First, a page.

(HealthDay News) — As weight rises, so too does the risk for asthma, according to a March data brief published by the Centers for Disease Control and Prevention’s National Center for Health Statistics (NCHS).

Lara Akinbami, MD, and Cheryl Fryar, MSPH, of the NCHS, used data from the 2001-2014 US National Health and Nutrition Examination Survey for the new report. The prevalence of asthma among all adults increased from 7.1% in 2001-2002 to 9.2% in 2013-2014. This increase was driven by greater asthma rates among overweight adults, not by increases among obese or normal-weight adults, the researchers said.

Among women, 14.6% of obese women were diagnosed with asthma, compared with 7.9% of normal-weight women and 9.1% of overweight women, the researchers found. The asthma rate did not differ significantly by weight for men. The rates of asthma were higher among all obese adults regardless of race or age, compared with normal-weight adults.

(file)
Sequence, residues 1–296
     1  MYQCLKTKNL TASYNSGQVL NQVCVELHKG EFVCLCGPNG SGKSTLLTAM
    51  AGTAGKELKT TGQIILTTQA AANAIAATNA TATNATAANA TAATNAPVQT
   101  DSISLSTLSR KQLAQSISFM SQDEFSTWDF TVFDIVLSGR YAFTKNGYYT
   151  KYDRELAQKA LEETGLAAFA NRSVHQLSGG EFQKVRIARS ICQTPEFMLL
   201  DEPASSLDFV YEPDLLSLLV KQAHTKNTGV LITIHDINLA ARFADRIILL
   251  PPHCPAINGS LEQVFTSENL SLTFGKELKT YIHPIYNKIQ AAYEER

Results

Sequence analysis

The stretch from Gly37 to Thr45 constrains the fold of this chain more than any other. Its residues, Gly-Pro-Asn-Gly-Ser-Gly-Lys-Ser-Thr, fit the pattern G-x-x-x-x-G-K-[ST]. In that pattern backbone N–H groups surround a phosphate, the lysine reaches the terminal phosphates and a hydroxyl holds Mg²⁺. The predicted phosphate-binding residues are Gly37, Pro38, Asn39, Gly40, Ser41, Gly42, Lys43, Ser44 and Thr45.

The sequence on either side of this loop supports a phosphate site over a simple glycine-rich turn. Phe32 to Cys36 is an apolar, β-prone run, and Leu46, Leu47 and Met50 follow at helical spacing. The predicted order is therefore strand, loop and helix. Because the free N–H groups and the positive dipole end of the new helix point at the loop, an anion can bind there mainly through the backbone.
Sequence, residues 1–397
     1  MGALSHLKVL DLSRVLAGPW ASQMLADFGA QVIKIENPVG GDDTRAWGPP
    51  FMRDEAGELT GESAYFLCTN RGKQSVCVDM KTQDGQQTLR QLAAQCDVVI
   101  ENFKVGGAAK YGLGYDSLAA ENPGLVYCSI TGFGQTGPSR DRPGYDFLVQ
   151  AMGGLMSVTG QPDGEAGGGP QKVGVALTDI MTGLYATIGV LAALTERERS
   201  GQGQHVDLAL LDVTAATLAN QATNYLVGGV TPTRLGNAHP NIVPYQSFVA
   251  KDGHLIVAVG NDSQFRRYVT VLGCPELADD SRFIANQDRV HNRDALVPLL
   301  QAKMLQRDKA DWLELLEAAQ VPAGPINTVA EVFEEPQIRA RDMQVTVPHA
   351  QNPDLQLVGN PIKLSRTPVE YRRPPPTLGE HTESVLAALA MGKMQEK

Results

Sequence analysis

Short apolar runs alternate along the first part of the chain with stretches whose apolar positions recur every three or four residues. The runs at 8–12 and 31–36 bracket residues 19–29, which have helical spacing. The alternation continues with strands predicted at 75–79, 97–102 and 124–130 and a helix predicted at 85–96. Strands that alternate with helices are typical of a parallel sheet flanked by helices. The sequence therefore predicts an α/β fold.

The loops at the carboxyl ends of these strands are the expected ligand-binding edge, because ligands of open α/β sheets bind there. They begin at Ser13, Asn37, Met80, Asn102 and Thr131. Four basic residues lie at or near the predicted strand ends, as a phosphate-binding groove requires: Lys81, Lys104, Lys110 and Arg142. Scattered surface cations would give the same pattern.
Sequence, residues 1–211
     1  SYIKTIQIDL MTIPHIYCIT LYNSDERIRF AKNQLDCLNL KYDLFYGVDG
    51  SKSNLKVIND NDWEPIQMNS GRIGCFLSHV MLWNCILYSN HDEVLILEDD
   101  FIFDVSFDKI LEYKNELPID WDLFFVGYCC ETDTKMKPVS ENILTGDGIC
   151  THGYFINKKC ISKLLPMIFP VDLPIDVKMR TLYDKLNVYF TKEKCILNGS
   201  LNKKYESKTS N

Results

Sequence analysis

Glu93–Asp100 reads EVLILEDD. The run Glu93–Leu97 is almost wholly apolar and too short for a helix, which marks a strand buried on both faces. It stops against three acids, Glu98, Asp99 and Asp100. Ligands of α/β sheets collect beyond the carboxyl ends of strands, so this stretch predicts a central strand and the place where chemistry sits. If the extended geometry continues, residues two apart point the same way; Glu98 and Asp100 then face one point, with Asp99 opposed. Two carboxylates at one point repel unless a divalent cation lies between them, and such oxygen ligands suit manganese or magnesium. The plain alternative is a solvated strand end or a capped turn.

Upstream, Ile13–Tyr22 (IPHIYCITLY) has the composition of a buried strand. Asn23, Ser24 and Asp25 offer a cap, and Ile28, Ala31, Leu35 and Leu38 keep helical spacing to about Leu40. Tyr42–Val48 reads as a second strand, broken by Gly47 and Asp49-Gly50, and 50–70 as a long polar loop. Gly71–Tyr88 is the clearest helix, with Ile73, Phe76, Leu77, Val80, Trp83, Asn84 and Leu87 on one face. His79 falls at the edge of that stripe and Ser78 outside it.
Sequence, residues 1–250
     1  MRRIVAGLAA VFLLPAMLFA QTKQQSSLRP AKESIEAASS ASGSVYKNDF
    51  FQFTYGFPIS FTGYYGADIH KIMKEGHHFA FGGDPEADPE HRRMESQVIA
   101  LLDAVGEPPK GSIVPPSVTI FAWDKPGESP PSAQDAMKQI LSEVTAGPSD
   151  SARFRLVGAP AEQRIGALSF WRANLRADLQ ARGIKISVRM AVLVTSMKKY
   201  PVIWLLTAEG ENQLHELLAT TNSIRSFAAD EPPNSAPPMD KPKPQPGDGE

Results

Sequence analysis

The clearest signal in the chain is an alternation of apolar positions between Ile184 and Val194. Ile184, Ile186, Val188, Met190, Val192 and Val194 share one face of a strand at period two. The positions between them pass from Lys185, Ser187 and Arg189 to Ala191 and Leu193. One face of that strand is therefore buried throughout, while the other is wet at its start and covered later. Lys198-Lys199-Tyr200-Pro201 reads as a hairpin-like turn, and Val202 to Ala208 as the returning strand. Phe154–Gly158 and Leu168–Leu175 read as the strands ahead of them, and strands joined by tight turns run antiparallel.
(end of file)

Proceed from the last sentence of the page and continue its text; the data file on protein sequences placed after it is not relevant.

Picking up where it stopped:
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“Why obese people are more likely to have asthma is unknown,” Dr Akinbami told HealthDay. “This study really confirms that obesity is a risk factor for asthma — they are very tightly linked.”


  1. Akinbami L, Fryar C. Current Asthma Prevalence by Weight Status Among Adults: United States, 2001–2014. NCHS data brief; no 239. Hyattsville, MD: National Center for Health Statistics. 2016.